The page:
One big cultural change in America over the past 20 or 30 years is that entrepreneurship has become glamorous. A big CEO once illustrated this to me by explaining that when he went to Harvard Business School back in the 1980s, hardly anybody planned a career in entrepreneurship.These days, hundreds of graduates of elite business schools pour out each year, stars in their eyes and startup ideas in hand.
Their presence has changed the whole conversation around small business and entrepreneurship. We have an image now of entrepreneurs as white venture-capital funded men, young wunderkinds who become billionaires, float around on yachts, play with flameflowers and build apocalypse houses in New Zealand.
I wondered about the current popular image of entrepreneurship as I read the Kauffman Foundation’s report, released this spring, on capital access for entrepreneurs.
It puts hard numbers to the barriers to entrepreneurship. We might argue about what those barriers are, or which to focus on fixing, but you can’t read the report without realizing how high and systemic they are.
Overall, the shape of the American entrepreneurship begins to emerge from the picture of the funding flows — and it’s a not a flattering picture of opportunity in America, not one that fits with our bootstrap myth. What it suggests to me is this: Entrepreneurship has always been the purview of white men more than women and white men more than men of color. Now, class is even more a factor in our concept of entrepreneurship.
Consider these stats, all drawn from the report:
• “Data from 1996 to 2017 show that men are consistently more likely to start businesses each month than women, and 2017 was the first year in which the rate of black and white new entrepreneurs was the same.”
• “Historically, between 1953 and 1998, less than 5% of total venture capital funding went to women-owned firms. Pitchbook data for 2017 showed that all-women founding teams raised 2.2 percent of total VC funding (accounting for fewer than 5 percent of deals), compared with all-men teams that raised about 79 percent, and mixed teams that raised about 12 percent of total funding.”
• Though our image of entrepreneurs is dominated by those starting tech businesses, “at least 83 percent of entrepreneurs do not access bank loans or venture capital at the time of startup. Almost 65 percent rely on personal and family savings for startup capital, and close to 10 percent carry balances on their personal credit cards.” Some research suggests that women face less discrimination in the lending world.
• Many entrepreneurs rely on personal resources to start their companies. “The median net worth for white families was $171,000, compared to the median net worth of $17,600 for black families and $20,700 for Latino families.”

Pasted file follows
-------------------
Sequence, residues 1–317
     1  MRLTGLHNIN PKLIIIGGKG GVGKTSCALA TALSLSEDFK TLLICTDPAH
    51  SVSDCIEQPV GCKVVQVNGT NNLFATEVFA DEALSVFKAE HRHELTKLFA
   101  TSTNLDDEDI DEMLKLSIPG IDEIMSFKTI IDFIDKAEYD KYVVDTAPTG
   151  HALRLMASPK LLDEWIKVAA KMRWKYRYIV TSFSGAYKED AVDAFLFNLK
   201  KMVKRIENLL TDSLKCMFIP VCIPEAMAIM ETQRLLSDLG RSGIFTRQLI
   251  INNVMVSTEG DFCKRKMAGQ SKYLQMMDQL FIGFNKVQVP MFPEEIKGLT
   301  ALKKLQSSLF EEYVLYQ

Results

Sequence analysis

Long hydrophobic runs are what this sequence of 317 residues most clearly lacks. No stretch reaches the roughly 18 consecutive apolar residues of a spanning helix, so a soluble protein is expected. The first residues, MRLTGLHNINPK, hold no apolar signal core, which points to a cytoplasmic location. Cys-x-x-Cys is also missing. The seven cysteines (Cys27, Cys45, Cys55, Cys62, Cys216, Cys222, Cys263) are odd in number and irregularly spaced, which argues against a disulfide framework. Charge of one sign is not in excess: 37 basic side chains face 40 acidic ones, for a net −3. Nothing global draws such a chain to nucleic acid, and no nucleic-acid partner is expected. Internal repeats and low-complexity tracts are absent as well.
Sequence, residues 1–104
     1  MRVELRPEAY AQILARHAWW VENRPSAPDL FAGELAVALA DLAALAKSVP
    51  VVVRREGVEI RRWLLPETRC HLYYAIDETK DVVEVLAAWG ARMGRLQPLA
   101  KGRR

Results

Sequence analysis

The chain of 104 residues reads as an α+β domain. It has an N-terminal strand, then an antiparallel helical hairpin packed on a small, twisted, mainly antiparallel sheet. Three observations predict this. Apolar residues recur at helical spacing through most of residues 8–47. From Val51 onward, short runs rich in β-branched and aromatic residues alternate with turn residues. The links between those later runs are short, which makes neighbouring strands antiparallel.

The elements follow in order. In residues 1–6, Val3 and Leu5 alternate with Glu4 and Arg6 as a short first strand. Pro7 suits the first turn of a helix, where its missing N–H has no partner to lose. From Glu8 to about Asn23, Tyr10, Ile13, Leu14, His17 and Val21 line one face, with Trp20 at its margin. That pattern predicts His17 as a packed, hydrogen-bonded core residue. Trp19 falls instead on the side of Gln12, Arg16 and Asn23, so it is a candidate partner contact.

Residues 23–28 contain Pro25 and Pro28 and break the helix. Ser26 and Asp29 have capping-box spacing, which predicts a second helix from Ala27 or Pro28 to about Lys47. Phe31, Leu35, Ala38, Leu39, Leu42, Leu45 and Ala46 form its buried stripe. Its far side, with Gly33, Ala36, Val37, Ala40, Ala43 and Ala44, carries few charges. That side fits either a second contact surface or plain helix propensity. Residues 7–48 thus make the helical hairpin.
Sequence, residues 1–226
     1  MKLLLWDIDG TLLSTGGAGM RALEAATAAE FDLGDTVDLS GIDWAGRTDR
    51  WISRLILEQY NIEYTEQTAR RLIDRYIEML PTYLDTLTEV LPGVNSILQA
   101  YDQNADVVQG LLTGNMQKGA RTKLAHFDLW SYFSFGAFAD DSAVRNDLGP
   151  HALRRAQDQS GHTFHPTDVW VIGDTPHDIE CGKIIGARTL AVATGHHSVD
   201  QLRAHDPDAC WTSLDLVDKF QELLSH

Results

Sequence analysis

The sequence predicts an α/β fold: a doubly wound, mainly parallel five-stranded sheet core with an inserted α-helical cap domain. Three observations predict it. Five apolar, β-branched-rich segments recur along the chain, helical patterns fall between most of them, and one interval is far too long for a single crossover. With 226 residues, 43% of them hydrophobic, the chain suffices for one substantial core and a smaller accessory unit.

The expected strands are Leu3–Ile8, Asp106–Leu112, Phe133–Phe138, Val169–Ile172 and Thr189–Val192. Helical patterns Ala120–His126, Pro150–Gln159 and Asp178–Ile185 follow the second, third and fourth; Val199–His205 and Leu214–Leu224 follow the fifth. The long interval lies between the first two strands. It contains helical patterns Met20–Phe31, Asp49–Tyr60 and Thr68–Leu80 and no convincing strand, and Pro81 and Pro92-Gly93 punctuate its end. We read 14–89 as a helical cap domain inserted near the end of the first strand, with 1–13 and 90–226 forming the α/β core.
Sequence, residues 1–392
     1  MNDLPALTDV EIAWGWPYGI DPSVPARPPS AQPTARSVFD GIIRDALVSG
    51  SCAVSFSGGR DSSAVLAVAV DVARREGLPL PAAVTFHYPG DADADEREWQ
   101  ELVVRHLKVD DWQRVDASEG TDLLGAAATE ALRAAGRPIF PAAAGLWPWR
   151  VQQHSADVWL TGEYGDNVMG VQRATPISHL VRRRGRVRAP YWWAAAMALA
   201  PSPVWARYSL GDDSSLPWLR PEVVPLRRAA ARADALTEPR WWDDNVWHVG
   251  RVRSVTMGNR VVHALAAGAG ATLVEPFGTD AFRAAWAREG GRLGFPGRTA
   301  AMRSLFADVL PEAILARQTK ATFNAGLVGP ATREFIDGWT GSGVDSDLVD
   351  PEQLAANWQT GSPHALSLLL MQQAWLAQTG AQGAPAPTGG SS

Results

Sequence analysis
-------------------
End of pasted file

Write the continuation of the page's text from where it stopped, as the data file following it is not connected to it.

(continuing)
• “Five metro areas—New York City, Miami, Los Angeles, Houston, and Dallas—were estimated to have contributed to 50 percent of net new firm creation between 2010
and 2014. In addition, VC industry data reveals considerable geographic and industry concentration. Close to 80% of about $21.1 billion in VC funding in the first quarter of 2018 was disbursed in five regional clusters— San Francisco (North Bay Area), Silicon Valley (South Bay Area), New England, New York City metro, and LA/ Orange County—with slightly more than 44% in the North and South Bay Areas.”
On one hand, you can say that the big cities are talent draws, and that the money follows the talent. On the other hand, based on the skewed picture of how many men versus women are funded, you can guess that there’s more of a network effect going on here: the money and power is flowing among people who already have it.
• “Research at the neighborhood level found that in New York City, the richer third of neighborhoods had more than twice the rate of self-employment than the poorest third. The top 95th percentile of wealthy individuals in the United States is more likely to start businesses than other income groups, and that personal and household wealth are important drivers of entry.”
Why is all this important? Startups create a lot of the new jobs, period, in the economy (some economists say they are responsible for all new job growth). But the rate of startups in the United State has declined over time, though it’s up a little since the end of the Great Recession. But the share of jobs that startups add to the national economy is falling: Per capita startup job creation in the first year declined from 7.52 jobs in 1998 to 5.27 jobs by 2017, according to Kauffman.
At a certain point, perception becomes the reality. Entrepreneurship has been defined subtly by our national conversation away from Main Street, from industry and from service, toward technology, a sphere that is dominated by white, wealthy men. Those companies are easy to start, can be run with fewer employees at the beginning — and create a winner-takes-all mindset.
That version of entrepreneurship I described at the beginning of this piece isn’t the reality of entrepreneurship in America — but we are drifting in that direction.